I have recently been writing about my middle son. My son who died at a unbelievable two weeks old. We are nearing his birthday and anniversary and my thoughts turn to him as inevitably as the moon pulls the tide.
I don’t write about him all the time. Some newly made friends have only recently been introduced to his story. It’s been nearly three years since we said good-bye, but the shock of a baby dying was new and fresh to them.
They reached out with beautifully supportive messages and emails. I saw a theme: a certain shame about their own mixed reactions to mothering. A feeling that they should hold onto gratitude above all else and not express boredom or dismay or frustration or jealousy or the jumble of emotions that come with motherhood.
My perspective has changed. My life shattered when I said good-bye to my son and I had to carefully collect those pieces and patch them back together. I have changed.
But motherhood hasn’t.
My kids still push me to the brink. I still yell and then wish I hadn’t. I still yearn for sleep-ins and lazy days to myself. I don’t live in the moment enough. I don’t play with them enough. Singing row row your boat for the tenth time still bores me. I get frustrated when my son takes forever to get through his school reader. I worry that I am not immersing myself fully in the joy of early childhood. I get upset when a carefully planned family activity is derailed by whinging kids. Sometimes my two year old spilling his cereal for the fifth time is enough to make me cry. And I question these reactions all the time – surely, knowing what I know, I should be above it all.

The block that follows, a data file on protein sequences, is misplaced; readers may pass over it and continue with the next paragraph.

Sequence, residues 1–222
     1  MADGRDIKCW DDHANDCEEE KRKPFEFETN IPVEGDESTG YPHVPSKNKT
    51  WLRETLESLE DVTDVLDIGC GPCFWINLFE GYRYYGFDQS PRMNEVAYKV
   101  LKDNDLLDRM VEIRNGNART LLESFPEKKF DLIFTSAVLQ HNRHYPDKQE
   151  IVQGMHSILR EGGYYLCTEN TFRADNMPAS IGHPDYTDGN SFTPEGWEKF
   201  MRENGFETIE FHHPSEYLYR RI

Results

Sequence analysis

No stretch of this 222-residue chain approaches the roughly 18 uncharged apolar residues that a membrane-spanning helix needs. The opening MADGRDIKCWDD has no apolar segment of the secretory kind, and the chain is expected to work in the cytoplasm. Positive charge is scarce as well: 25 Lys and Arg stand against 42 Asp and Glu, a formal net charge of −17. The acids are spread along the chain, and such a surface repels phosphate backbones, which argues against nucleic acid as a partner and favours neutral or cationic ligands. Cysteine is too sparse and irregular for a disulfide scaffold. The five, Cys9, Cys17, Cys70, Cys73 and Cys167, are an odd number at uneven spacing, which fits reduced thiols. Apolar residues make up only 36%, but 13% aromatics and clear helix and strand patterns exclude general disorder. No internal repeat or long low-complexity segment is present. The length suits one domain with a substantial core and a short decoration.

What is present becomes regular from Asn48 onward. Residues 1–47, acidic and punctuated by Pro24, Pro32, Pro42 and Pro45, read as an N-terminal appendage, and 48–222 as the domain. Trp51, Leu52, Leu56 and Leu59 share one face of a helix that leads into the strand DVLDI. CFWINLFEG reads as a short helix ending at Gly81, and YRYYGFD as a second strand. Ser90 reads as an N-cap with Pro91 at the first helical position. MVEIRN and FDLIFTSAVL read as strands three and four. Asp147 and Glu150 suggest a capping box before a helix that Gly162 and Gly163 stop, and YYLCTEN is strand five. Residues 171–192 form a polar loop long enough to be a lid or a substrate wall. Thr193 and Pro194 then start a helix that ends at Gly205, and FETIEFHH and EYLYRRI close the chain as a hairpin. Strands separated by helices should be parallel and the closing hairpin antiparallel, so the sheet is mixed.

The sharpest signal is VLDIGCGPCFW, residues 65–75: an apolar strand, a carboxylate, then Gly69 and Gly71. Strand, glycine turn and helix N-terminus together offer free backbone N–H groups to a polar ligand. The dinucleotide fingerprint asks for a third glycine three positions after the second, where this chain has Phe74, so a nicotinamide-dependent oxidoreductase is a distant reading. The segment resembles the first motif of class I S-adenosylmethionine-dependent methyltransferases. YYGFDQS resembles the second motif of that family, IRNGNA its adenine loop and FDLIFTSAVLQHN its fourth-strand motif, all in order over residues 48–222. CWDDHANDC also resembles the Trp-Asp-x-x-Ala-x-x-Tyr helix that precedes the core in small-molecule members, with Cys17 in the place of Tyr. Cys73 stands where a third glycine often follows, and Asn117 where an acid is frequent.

I wish I could say that I turned into a calm, serene mother. That I became so aware of the preciousness of my children that it over-rode every single other emotion. That didn’t happen. I don’t think life is like that. Instagram may show us a steady stream of perfect moments, but that’s not life. Life is messy, difficult, amazing and beautiful. It is a kaleidoscope of jostling emotions.
In the weeks following Xavier’s death, I would have a visceral reaction when people would complain about their children. I would want to scream, “How dare you!”. But that lessened. Those people didn’t love their kids any less than I did mine. They were just living and trying to cope with demands of children. They were just as grateful for their babies as I was mine. They were just having a bad day and needed to vent. I don’t think any of them were blind to their blessings. Their perspective in that particular moment was vastly different to my own.
When terrible things happen, we count our blessings more closely. When you learn of a tragedy, you hold your own dear ones tightly. When that tragedy strikes your own door, you struggle to make sense of it and you cling to those around you. I remember holding my eldest so closely in the wake of his brother’s death. I would embrace him and try to hold him enough for both of them. I would whisper fiercely that I would never let anything happen to him and I would try to convince myself I had that power.
As a bereaved mother, I might hold my kids a little tighter and I might worry about them a little more. But I still have days when being a mother is overwhelming and difficult. I can be incredibly grateful for my children and frustrated by them at the same time. My heart can overflow with love and still have room for all the other emotions that motherhood brings with it. I am a grateful mother. I am a human mother. And all that goes with it.